"Prize Pop" Screen World - Fall 1950


"Robert Walker's a mighty fine actor, but the role he likes the most, and the one he plays best, is that of 'Pop' to his two lively sons.

Way out on Sunset Boulevard where the road winds around the Santa Monica mountains and beyond to the ocean, many motorists out on a Sunday drive have seen a tall, slender fellow with unruly brown hair and horn-rimmed glasses guiding two smaller carbon copies on a hike.

Often as not a motorist will toot his horn at this gay little trio and wave. They've recognized Robert Walker and his two sons, Bobbie, 10, and Michael, 9.

The three live in one of those comfortable ranch-type houses that dot the canyon. When he isn't busy with the boys, Bob spends much of his free time reading out in the backyard.

Recently, M-G-M cast Walker with Burt Lancaster and Joanne Dru in 'Vengeance Valley.' The film would location in Canyon City, Colorado, for a month. Bob didn't want to leave the boys with a housekeeper during their summer vacation, so he told them to pack their old clothes and the three of them went to Colorado together.

While Bob was riding, roping and drawing from his holster like a veteran for the flicker, the boys were having the time of their young lives.

Imagine having a Rocky Mountain cowboy teach you to ride, twirl a lariat and do tricks with your Pinto. The evenings were spent sitting around an open fire with the old cowpokes filling the boys' ears with tales of rounding up rustlers, sleeping in the desert with a saddle for a pillow, etc.

In the movie, Bob plays a no-good fellow. This casting may surprise his public that usually sees him in gay, romantic comedies. When Walker came back to Hollywood after six months off the screen, he had an entirely new slant on himself and his career. M-G-M had him pencilled in for the hero role (he's the one who gets the girl) in 'Please Believe Me.' Bob read the script and asked the studio if he couldn't instead play the wealthy gigolo part in the film. He got it and has been campaigning for diversified parts ever since.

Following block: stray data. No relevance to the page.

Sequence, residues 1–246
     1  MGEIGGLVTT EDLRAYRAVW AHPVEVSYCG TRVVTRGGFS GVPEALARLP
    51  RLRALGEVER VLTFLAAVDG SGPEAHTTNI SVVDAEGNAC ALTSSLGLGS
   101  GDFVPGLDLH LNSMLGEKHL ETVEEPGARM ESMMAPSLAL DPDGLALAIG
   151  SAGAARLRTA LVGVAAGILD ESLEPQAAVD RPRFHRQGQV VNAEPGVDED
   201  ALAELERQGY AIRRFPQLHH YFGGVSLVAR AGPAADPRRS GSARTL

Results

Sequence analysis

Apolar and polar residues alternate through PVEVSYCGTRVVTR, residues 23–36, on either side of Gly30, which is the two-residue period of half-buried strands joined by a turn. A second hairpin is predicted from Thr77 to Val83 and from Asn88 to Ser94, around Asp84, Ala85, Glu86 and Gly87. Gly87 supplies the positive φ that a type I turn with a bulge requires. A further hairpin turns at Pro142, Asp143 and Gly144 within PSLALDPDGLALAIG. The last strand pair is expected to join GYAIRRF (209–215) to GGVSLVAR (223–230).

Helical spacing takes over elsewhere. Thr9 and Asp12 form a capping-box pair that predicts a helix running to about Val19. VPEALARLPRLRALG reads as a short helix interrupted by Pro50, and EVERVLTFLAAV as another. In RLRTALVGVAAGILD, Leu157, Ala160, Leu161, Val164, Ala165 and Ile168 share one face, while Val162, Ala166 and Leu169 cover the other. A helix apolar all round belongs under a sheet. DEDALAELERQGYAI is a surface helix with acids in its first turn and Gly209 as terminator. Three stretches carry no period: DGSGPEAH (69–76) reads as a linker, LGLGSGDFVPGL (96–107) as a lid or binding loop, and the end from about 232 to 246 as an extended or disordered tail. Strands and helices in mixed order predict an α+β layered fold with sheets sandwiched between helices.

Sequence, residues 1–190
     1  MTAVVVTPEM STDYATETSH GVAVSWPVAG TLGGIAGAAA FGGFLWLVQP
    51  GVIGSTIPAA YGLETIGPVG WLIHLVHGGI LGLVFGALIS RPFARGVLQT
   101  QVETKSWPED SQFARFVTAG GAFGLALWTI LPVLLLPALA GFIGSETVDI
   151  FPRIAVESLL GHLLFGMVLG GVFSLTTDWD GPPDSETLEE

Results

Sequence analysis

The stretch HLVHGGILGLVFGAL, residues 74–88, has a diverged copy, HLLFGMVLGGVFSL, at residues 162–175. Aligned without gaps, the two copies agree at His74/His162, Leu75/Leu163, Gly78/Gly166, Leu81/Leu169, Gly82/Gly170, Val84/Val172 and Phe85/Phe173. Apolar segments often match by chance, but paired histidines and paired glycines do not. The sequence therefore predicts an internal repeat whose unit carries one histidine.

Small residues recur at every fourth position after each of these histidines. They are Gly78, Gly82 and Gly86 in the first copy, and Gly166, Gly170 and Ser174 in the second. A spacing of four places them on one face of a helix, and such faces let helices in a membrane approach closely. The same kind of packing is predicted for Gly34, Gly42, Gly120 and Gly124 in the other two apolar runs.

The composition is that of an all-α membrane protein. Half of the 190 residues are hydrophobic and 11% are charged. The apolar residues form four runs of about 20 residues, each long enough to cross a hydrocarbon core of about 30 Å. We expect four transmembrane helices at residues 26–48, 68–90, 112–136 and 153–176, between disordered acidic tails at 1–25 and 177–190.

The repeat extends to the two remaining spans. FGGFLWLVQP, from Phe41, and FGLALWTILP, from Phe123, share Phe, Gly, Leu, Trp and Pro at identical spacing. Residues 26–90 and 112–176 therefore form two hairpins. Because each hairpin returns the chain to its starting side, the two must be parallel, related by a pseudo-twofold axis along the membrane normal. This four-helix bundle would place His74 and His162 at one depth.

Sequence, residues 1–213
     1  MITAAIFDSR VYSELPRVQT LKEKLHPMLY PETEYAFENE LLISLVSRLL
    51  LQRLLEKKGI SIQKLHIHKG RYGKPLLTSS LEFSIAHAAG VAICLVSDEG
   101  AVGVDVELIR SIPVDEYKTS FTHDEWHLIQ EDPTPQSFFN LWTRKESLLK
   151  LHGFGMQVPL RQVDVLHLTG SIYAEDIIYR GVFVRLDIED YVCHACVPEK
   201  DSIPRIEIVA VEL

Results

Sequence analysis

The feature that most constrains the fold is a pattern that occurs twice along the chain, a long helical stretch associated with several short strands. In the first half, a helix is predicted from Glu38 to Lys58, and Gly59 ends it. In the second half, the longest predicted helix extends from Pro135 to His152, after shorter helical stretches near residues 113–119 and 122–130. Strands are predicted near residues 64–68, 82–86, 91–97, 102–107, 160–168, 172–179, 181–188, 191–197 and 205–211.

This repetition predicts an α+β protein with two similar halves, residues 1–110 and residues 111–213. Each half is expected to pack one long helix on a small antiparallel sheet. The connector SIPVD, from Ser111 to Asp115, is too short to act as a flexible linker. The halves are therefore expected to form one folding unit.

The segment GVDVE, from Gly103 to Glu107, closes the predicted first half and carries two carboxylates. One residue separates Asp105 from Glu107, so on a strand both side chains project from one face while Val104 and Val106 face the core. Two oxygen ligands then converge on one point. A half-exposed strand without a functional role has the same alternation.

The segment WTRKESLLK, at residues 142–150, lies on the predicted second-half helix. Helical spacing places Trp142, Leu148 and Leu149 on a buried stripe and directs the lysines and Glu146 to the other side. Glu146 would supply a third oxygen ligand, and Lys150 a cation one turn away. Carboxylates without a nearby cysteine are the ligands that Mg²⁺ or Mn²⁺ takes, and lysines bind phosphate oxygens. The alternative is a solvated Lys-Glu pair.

Many have the mistaken idea, upon seeing boyish-looking Walker, that his theatrical training has been restricted to school plays. The truth is he has had a very thorough dramatic training. He won two scholarships at the Pasadena Playhouse, attended the American Academy of Dramatic Arts in New York, put in several years on radio, and even perfected his speaking voice by reading scripts aloud to a publisher -- a gruelling procedure but one which Bob welcomed as a fine medium for voice development. It all goes to show Bob takes his career seriously.

At one time he worked for as little as 50 cents a performance in a Greenwich Village play, just in hopes of being spotted by a Broadway or Hollywood scout.

He enjoys tennis, golf and swimming, but his favorite indoor sport is playing chess or just reading or telling stories to his two sons. Bob admits the youngsters 'are the apples of his eye' and they retaliate by announcing to playmates that their pop 'is really keen.'"

The End

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